DNR releases update on health of forest land

VALUABLE WILDERNESS: Efforts continue to try and save trees from invasive species. (Courtesy photo)
VALUABLE WILDERNESS: Efforts continue to try and save trees from invasive species. (Courtesy photo)

LANSING — Michigan’s 19.3 million acres of forest land play a key role in the state’s recreation, timber and other important industries, and the health of those forests is essential to sustaining this vital resource for many generations. The Department of Natural Resources recently released its 2012 Forest Health Highlights report, an overview of Michigan’s forests, the insects and diseases that have threatened them over the past year, and details about what DNR staff is doing to improve forest resources.

“Michigan offers one of the most diverse forest systems in the U.S.,” said Bill O’Neill, state forester and chief of the DNR’s Forest Resources Division. “Our staff and partners work hard every day to keep that forest land healthy and sustainable by identifying threats and eliminating them or mitigating their effects.”

The report breaks down forest health threats by examining insects and diseases, forest decline, invasive plant control and other health concerns. Accompanying photos and maps illustrate the pests and show the effects they have had on Michigan’s forest system.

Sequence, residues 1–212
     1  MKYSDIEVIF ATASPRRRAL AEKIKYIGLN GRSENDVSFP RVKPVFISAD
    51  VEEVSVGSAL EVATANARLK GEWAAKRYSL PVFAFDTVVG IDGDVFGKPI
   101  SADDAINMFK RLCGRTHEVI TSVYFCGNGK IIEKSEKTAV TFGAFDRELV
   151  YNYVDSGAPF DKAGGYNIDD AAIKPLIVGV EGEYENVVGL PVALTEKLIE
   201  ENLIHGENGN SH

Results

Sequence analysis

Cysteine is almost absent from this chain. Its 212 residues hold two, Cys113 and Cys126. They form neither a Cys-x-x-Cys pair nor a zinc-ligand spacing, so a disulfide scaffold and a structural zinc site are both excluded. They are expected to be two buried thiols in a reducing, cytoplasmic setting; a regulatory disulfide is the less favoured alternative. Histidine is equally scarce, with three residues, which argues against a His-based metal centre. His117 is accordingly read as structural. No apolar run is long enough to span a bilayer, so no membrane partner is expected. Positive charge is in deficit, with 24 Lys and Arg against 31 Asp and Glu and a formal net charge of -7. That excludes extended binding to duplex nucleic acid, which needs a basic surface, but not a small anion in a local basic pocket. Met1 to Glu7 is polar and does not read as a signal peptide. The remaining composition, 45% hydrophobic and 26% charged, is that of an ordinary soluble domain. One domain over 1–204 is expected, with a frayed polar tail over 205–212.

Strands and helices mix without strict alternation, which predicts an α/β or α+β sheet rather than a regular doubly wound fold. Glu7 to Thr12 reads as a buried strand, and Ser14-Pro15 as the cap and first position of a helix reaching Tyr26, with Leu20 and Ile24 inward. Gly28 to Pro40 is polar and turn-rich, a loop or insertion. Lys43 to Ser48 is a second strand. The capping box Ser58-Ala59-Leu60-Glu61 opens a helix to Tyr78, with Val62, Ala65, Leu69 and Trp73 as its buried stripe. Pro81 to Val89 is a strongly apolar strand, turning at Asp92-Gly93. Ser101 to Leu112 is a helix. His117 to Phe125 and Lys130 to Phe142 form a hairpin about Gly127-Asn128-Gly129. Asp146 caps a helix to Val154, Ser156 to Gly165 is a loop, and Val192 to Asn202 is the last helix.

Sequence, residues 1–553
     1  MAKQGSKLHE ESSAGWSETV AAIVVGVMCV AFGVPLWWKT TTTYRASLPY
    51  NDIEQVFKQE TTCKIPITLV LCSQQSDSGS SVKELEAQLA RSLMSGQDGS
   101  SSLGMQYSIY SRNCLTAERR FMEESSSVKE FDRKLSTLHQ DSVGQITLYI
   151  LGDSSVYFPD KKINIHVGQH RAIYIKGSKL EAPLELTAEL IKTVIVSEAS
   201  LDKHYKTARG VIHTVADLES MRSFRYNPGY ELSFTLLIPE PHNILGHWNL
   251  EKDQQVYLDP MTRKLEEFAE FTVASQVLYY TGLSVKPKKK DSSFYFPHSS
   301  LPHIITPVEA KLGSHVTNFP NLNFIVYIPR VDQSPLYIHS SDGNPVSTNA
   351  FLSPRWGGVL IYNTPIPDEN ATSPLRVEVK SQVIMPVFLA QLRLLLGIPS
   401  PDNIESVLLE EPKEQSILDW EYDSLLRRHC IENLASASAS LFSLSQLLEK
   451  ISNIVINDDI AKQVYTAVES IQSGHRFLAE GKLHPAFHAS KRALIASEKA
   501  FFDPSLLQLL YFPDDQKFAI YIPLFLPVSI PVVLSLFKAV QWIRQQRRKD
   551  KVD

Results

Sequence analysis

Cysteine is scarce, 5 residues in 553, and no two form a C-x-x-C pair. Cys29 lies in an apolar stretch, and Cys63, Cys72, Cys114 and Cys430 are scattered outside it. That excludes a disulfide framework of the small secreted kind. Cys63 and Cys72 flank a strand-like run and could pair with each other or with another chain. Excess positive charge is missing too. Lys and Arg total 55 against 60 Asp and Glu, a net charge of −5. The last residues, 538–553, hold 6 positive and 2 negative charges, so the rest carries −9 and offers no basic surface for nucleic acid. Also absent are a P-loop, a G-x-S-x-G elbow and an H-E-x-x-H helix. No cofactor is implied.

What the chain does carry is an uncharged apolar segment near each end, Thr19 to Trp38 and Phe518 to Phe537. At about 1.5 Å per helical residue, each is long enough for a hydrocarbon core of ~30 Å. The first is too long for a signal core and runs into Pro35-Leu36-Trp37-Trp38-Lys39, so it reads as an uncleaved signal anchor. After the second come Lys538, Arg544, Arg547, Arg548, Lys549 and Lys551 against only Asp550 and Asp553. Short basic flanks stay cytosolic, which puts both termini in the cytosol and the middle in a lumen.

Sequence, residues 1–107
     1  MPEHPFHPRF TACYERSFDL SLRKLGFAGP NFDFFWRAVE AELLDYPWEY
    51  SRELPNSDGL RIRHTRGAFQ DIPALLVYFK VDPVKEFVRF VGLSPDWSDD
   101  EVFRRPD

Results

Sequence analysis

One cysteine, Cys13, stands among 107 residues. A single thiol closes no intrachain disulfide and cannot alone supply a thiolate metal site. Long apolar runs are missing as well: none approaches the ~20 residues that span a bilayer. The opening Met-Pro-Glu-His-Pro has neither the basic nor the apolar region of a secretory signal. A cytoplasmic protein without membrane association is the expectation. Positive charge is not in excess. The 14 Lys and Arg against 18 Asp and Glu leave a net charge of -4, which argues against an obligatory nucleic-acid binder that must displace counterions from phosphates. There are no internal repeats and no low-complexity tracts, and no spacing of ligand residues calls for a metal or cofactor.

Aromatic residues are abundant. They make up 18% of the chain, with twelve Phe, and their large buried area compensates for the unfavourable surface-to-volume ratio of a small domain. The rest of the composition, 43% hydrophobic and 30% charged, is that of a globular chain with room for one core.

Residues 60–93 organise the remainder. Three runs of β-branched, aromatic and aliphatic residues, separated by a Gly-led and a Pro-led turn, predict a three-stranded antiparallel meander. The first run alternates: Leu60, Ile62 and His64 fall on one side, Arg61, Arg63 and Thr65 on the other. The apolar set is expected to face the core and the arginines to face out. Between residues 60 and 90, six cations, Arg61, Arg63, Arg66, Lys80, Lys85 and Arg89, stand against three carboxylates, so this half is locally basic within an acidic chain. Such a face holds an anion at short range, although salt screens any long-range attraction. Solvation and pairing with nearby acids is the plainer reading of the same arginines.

Highlighted in the report is the work the DNR is doing in collaboration with Michigan Technological University to examine more than 30,000 acres of state forest land for signs of emerald ash borer (EAB) and beech bark disease (BBD). The process of harvesting ash and beech from identified areas is ongoing in an attempt to recover timber value before the resources are killed by the two exotic forest pests. EAB and BBD are killing ash and beech in hardwood forests throughout the state.

“We are ramping up efforts to salvage at-risk timber before trees are lost to these invasive species,” said Roger Mech, DNR forest health specialist. “Since we discovered these pests, millions of beech and ash trees have been killed. This collaboration is allowing us to get ahead of EAB and BBD and reduce ash and beech to such a level that mortality will not significantly affect the quality of the remaining trees or the productivity of the forest as a whole.”

To learn more about the ash and beech harvest and other threats facing the state’s forests, check out the 2012 Forest Health Highlights report by visiting www.michigan.gov/foresthealth.